Group long-term care offerings through employers are quickly becoming a benefit of the past. Private policies can be bought with better coverage, but premiums are increasing. If you are at least 40 and have access to a group policy, strongly consider enrollment. Most group policies are portable if you leave the employer. If you are over 50, consider shopping your group coverage against a private policy.

Long-Term Disability (LTD)

We are far more likely to be disabled than to die during our working years. There have been reports, but no studies yet, that Covid can present long-term organ, neurological, and tissue damage, even in those with initially mild symptoms (although not as common in those who have been vaccinated). Most employers provide short-term disability for 90 days. Long-term disability coverage, if offered, varies from 40% to 80% of compensation until age 65. Some employers provide supplemental income policies; others don’t.

Check whether your disability coverage includes “own-occupation” or “any-occupation.” If you are a young person, your potential earnings capacity over your lifetime, known as your “human capital,” is your biggest financial asset right now. Protect it with LTD coverage.

Group Life Insurance

Many employers provide one year’s salary as a default for group life insurance, with the option to purchase more for the employee or the employee’s spouse or domestic partner. It’s usually a good deal. If you didn’t sign up at your initial enrollment, you may need to submit to a paramedic exam if you request more coverage.

Employer Stock Options/Restricted Stock Purchases

The most common error among holders of options and restricted stock is concentration of investments, and future earnings, in that employer. This is usually because those employees own employer stock outright, plus options, plus more stock in a retirement plan through a company match. That’s a lot of eggs in one basket. You may be highly satisfied with the company’s potential. So were Enron employees. Stuff happens. Before making major moves, consult a CPA or CFP. Employer stock moves can have major tax consequences.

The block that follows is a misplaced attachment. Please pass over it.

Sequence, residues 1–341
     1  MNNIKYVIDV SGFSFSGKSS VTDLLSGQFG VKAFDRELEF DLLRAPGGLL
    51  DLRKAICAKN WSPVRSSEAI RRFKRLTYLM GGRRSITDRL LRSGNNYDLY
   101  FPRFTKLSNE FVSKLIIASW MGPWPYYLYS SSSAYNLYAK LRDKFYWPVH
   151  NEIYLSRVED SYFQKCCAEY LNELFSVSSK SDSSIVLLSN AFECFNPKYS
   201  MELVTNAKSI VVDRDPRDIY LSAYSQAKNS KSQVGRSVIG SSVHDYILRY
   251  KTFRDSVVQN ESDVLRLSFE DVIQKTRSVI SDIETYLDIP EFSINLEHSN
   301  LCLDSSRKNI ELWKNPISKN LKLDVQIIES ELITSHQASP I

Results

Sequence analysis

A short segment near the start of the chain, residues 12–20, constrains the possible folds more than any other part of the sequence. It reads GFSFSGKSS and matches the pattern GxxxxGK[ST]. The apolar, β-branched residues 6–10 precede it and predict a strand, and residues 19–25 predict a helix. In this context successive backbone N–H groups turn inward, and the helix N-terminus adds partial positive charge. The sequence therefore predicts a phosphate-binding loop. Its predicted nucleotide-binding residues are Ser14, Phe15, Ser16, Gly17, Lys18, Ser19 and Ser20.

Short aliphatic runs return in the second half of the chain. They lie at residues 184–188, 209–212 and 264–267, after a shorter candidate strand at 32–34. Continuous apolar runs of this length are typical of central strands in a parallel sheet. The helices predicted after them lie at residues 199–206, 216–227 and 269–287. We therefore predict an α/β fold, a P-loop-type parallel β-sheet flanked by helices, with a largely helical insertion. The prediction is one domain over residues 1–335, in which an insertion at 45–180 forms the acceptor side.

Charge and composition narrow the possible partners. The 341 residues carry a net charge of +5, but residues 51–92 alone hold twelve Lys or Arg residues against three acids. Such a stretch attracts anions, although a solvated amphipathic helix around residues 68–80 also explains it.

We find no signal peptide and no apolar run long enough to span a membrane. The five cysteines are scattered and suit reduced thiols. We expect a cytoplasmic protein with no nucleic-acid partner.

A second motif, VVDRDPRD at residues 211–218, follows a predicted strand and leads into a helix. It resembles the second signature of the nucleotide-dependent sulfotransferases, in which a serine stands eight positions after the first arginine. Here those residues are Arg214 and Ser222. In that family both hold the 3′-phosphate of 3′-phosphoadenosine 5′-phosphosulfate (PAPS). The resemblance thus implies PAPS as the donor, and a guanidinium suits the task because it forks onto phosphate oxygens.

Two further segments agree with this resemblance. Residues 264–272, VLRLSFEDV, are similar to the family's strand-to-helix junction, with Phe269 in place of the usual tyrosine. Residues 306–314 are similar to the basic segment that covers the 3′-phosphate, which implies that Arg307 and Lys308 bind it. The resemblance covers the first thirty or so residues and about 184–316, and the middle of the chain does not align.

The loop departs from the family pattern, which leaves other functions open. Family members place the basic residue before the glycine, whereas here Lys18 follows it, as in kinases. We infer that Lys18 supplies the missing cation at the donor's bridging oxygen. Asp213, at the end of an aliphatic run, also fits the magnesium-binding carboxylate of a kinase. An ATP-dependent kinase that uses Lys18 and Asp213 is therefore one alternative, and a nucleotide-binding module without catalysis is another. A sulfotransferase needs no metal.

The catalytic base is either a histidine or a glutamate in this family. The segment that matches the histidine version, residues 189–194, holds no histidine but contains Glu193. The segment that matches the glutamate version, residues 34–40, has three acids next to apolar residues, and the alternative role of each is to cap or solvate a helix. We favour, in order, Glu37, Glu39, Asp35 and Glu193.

Enrollment Time Meetings

Talking through your elections with your financial professional or accountant is a good idea at enrollment time anyway. Make a special appointment to do so in advance of the holiday year-end crunch.

(Holly’s complimentary 30-minute consultation scheduler is located here: https: go.oncehub.com/HollyPThomas.)

Holly Donaldson

Holly P. Donaldson, CFP® writes and consults on the psychology of money. Her fee-only, product-free financial planning practice focuses on increasing financial self-efficacy for those seeking a financial navigator to help them make good decisions. She is the author of The Mindful Money Mentality: How to Find Balance in Your Financial Future (Porchview Publishing, 2013) and publisher of the award-winning monthly e-letter, "The View From the Porch." With a fully virtual practice in Seminole, Florida, she primarily serves clients located in the Tampa, St. Petersburg, and Clearwater areas. Holly will also work with clients who are a good fit located elsewhere in the United States.

Leave a Reply